How to Keep Your Client Happy by Managing Their Expectations


Alicia L.

Product Manager

Posted on February 28, 2020


My oldest son used to be very difficult when he had to try new things, or, that’s what we thought.

He got angry and impatient when he didn’t know our next steps and the whole agenda of the day. So we decided to keep him informed about EVERYTHING we were planning to do and, guess what, we won and he is a very calm boy now. While trying to handle that anxiety of him, we understood anticipation, information and managing his expectations was the key. Sounds familiar? Grown-ups need that and so do our clients.

To make your client happy always inform, work together and set the right expectations off the bat. A happy client is an informed client.

  • Show your documented processes Give clear timelines

Processes show you are internally organized, however, when sharing your timeline, you will show you are in control by managing deadlines, dependencies, lead times and milestones. Most clients don’t mind waiting what you might think is a long time, but only if they understand why. Timelines allow a client to understand time-related metrics, set deadlines, synchronize tasks, identify risks, and plan mitigation for potential delays. These diagrams are useful for managers who want to get a high-level look at team tasks and milestones of the project.

  • Cover more solutions Prioritize

You could work overtime and cover 100 different features in just one sprint but if those tickets are not high-priority to your client, they won’t be happy at all. In fact, they may complain about the way you are organizing your work without consulting them.

Make sure your effort is worthy. Review your priorities along with your client and have them decide the order in which you should be boarding those items. Of course, you don’t want to forget calling out tech dependencies if applicable.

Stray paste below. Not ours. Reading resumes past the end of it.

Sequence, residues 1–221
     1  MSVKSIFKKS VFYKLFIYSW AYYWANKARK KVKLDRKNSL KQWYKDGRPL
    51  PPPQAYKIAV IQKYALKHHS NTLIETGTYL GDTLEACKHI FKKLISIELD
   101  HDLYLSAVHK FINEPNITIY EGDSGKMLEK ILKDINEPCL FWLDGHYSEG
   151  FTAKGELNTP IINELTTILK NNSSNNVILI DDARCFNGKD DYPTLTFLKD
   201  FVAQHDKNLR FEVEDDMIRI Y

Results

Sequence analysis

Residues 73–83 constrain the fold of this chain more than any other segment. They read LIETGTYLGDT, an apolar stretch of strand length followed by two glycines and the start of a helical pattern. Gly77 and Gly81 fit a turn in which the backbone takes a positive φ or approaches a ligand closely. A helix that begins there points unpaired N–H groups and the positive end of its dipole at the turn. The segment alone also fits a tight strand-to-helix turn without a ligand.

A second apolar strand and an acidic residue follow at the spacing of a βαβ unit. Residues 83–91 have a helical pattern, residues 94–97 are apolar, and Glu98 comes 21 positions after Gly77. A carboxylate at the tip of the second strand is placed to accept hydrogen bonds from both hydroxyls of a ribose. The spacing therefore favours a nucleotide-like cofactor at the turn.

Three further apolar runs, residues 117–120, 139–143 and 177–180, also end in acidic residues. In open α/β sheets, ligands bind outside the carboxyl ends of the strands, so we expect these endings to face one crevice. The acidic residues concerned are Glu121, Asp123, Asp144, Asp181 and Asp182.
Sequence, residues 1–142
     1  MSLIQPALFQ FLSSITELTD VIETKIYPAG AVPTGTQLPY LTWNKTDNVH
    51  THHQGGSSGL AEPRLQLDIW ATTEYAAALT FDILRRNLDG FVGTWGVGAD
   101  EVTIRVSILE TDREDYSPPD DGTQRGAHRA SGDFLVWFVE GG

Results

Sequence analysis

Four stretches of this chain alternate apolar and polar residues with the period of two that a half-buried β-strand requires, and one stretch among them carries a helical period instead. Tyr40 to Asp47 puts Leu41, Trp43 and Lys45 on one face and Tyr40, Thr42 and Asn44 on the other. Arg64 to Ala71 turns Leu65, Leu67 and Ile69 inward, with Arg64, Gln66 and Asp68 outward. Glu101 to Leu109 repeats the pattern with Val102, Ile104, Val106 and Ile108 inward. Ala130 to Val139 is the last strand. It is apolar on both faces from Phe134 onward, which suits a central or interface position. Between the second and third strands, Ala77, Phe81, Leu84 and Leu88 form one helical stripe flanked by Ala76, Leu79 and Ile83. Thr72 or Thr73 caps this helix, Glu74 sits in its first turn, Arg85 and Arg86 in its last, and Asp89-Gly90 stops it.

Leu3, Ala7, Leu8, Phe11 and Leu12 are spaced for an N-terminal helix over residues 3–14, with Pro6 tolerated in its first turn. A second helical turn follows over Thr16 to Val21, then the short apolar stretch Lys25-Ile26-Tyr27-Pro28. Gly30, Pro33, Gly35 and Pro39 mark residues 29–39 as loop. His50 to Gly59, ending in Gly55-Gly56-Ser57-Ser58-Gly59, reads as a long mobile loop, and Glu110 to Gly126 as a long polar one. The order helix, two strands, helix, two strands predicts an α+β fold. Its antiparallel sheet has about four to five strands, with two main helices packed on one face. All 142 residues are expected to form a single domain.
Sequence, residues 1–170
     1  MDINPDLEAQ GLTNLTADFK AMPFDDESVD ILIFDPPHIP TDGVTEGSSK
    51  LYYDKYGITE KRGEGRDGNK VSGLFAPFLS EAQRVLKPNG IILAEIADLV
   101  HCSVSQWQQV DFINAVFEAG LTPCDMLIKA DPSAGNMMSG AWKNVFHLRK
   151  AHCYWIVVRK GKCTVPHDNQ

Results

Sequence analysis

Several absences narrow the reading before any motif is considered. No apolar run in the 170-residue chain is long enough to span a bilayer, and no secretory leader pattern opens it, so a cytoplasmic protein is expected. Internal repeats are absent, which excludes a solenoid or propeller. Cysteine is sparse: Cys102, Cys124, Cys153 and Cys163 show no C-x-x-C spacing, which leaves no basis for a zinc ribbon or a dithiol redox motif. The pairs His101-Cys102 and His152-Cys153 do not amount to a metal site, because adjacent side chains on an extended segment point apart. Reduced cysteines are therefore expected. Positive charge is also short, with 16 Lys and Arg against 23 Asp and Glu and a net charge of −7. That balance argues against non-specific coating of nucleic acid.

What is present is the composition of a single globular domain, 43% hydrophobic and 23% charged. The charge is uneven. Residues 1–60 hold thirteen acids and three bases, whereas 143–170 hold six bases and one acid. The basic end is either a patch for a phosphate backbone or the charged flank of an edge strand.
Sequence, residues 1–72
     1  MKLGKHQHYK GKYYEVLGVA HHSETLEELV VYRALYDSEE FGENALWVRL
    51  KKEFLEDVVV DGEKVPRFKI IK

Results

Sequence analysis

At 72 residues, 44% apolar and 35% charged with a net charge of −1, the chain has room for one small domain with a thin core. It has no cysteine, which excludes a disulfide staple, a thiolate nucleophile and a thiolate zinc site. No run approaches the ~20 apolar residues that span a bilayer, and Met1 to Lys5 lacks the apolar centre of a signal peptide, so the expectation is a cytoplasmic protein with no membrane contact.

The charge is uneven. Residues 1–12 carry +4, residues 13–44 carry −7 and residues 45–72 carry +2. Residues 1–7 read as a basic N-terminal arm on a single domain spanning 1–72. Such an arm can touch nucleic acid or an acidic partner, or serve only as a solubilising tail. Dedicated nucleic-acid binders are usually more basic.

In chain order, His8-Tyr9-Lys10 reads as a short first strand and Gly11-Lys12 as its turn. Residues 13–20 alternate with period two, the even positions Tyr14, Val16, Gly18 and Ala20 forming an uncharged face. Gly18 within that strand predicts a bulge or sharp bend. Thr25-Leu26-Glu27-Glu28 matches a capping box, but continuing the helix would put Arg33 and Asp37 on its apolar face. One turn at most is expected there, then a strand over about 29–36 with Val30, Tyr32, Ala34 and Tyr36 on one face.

• Be optimistic Be realistic

Don’t underestimate tasks and don’t play the hero by taking more than you can achieve in a determined time, set the right expectation up front. It’s better to commit to less and deliver more. Your client will appreciate the extra effort (remember priorities).

  • Be an open book Be honest

Clients don’t want problems, they want solutions, that’s why they hired you in the first place. They can understand errors can happen, but they’ll want root cause and time resolution. You’ll want to explain clearly and honestly the root cause (triggers, dependencies, if it is related to bad code or not, etc) But, most important they want to know which are the next steps and the action items you are taking to ensure the error won’t happen again. And of course, they’ll ask how much time you’ll need to solve it, you will need to provide realistic ETAs.

  • Deliver solution quickly Update regularly

ETA sounds like a bad word, but is necessary. We all know you are focused on solving the problem, but the client wants needs information. Take into account they might need to update their own clients or executives. If you don’t have an ETA and cannot provide it at all, agree with your client in a way to communicate (media and frequency) and make sure you share a status on a regular basis. If the tasks are taking you longer than expected, share the update and explain the reasons.

In conclusion, present your timeline, make sure you comply with it, report delays in a timely manner making sure you provide root cause, justification, new delivery dates, and update your status on a regular basis.

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